The winner of this year’s Emerging Leader Award is Dr Bipin Adhikari, who was nominated by Dr Lorenz von Seidlein. The award recognises significant contributions in leadership, mentoring and capacity building in those who are early in their careers.
Dr Bipin Adhikari Bipin is a researcher, from Nepal who joined Mahidol-Oxford Tropical Medicine Research Unit (MORU), Bangkok in 2015. After completing DPhil at University of Oxford in 2019, in which he concentrated his research around community engagement for targeted malaria elimination in Laos, he has worked with global researchers to broaden the scholarship around community engagement in global health research. He is currently working at the malaria department of MORU based at field sites in Cambodia.
I am very humbled to receive the Emerging Leaders Award by RSTMH for the year 2023. This recognition holds great significance for me, as it motivates me to continue the work in the field of Tropical Medicine and Global Health and it serves as an inspiration to actively share my knowledge and skills to the newcomers in the field.”
Dr Bipin Adhikari Bipin
Dr Lorenz von Seidlein said: “We need young leaders like Bipin in an age where just about everyone with a smart phone feels they can do their own research and that their opinion is just as valid as established scientific fact.”
The winner of this year’s Chalmers Medal is Professor Faith Hope Among’in Osier, who was nominated by Professor Kevin Marsh.
The Chalmers Medal recognises researchers in tropical medicine or global health who demonstrate evidence of mentoring and professional development of junior investigators, and other forms of capacity building.
Professor Osier trained as a paediatrician in Kenya, specialized in immunology in Liverpool, and obtained a PhD from the Open University. She is Chair of Malaria Immunology and Vaccinology in the Faculty of Natural Sciences at Imperial College London where she also serves as the Co-Director of the Institute of Infection.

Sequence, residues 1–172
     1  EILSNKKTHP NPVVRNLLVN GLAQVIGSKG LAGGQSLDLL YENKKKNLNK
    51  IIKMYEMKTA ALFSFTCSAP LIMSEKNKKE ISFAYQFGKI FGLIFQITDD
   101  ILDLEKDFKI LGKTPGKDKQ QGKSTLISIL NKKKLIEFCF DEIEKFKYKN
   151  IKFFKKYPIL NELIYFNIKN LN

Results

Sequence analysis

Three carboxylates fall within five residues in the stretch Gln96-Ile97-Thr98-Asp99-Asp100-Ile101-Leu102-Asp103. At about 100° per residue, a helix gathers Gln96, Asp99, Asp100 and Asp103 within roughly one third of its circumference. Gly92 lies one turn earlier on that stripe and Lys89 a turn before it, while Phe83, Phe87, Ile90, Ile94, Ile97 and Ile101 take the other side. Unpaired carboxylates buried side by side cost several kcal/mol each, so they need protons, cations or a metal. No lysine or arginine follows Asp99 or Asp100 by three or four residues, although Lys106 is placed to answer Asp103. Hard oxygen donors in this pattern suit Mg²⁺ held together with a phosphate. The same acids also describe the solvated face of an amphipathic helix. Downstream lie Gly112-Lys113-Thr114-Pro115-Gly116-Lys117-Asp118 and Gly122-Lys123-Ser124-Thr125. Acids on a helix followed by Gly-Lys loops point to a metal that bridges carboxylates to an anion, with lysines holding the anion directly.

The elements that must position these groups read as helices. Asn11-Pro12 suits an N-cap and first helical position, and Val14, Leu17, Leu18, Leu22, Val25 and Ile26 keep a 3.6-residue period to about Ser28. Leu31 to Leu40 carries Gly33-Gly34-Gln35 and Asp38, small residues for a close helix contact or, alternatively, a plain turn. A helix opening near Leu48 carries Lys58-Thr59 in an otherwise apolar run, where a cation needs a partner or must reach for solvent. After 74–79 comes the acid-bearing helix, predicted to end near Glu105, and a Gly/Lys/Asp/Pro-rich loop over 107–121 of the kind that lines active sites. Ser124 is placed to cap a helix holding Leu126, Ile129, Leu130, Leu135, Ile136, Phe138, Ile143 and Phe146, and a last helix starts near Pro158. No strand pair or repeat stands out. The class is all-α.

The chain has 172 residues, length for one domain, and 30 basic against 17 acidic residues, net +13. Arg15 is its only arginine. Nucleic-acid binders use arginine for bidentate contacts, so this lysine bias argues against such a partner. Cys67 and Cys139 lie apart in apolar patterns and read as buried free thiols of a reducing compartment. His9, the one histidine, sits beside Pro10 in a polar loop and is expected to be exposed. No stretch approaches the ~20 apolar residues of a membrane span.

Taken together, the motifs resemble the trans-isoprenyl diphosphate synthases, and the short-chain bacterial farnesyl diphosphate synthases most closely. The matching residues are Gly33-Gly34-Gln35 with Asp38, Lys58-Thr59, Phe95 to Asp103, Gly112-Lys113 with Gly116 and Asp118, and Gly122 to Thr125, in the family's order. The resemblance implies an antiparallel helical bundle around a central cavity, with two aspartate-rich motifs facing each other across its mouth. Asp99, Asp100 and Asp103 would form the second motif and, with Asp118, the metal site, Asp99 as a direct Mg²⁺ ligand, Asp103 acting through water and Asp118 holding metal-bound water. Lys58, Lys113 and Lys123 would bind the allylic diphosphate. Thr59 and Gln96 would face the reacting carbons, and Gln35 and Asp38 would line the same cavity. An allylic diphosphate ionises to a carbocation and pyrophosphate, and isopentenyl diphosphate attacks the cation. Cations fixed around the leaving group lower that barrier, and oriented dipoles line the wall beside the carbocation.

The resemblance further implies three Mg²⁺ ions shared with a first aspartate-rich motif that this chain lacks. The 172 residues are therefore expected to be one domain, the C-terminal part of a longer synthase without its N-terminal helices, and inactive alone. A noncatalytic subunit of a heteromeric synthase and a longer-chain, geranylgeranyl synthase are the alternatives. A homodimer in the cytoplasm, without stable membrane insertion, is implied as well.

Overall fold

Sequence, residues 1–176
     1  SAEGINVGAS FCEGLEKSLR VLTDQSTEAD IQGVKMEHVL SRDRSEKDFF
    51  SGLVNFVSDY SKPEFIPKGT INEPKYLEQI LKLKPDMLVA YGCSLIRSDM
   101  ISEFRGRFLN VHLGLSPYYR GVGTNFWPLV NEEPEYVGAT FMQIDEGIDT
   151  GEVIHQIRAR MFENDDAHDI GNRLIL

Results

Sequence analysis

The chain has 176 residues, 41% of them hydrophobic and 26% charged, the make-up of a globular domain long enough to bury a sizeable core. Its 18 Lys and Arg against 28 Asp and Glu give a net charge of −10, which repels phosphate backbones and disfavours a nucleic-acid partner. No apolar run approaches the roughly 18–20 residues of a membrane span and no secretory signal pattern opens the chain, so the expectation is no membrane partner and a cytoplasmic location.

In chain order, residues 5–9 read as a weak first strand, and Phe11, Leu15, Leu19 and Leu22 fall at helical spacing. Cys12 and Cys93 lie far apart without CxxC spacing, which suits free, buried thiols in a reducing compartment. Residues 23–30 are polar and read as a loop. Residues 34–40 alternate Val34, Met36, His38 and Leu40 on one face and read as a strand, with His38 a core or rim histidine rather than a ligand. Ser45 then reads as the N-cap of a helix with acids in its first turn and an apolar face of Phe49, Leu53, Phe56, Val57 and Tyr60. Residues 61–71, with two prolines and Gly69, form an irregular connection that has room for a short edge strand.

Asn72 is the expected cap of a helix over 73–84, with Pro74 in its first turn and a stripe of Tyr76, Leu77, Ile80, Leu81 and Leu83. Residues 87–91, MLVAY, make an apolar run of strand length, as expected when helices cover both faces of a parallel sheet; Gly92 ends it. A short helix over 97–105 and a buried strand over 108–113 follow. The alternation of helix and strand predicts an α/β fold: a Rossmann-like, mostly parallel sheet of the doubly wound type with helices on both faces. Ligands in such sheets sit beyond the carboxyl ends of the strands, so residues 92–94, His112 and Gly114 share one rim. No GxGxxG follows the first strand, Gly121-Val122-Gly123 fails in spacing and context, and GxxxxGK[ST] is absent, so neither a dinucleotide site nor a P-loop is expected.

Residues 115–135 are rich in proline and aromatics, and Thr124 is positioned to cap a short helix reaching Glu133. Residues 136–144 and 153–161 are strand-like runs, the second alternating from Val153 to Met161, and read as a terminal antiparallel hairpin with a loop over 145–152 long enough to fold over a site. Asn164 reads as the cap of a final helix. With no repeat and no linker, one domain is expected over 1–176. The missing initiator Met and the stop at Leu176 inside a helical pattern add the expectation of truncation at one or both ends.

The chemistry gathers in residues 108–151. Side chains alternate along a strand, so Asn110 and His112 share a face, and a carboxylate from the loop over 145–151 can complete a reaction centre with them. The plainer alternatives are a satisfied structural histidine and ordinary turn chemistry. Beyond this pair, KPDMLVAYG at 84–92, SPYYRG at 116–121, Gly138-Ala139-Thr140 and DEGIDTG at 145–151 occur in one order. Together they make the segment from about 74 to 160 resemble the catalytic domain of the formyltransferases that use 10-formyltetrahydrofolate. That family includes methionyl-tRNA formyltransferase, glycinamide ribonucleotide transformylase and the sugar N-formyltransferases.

I am thoroughly delighted to receive this award and acknowledge the support of all my colleagues, research funders and host institutions, without whom this would not have been possible. This award raises the profile of female African scientists in global health and will inspire others to be the change we want to see.”
Professor Faith Hope Among’in Osier
Professor Kevin Marsh said: “I am absolutely delighted that Faith will be awarded the Chalmers medal. I nominated her because she is an outstanding researcher who, as well as having made major contributions to our understanding of immunity to malaria, has also played very major international leadership roles and has a passionate commitment to the development of science in Africa and especially to the support of female researchers. She is rightly seen as a role model for many young researchers across the continent.”
Also receiving a certificate at the RSTMH Medals and Awards Ceremony was Hannah Lin, the winner of the 2022 Student Essay Prize for her Hannah Lin for her essay ‘The Collateral of Conflict: The Effects of War on Health At Home and Away’.
The Medals and Awards were announced at the RSTMH Annual Meeting 2023. Find more information here.